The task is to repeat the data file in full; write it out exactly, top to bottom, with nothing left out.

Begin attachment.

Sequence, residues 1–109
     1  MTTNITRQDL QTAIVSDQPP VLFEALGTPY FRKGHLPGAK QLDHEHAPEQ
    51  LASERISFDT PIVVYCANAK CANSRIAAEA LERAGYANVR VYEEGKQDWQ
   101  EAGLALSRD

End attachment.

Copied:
Sequence, residues 1–109
     1  MTTNITRQDL QTAIVSDQPP VLFEALGTPY FRKGHLPGAK QLDHEHAPEQ
    51  LASERISFDT PIVVYCANAK CANSRIAAEA LERAGYANVR VYEEGKQDWQ
   101  EAGLALSRD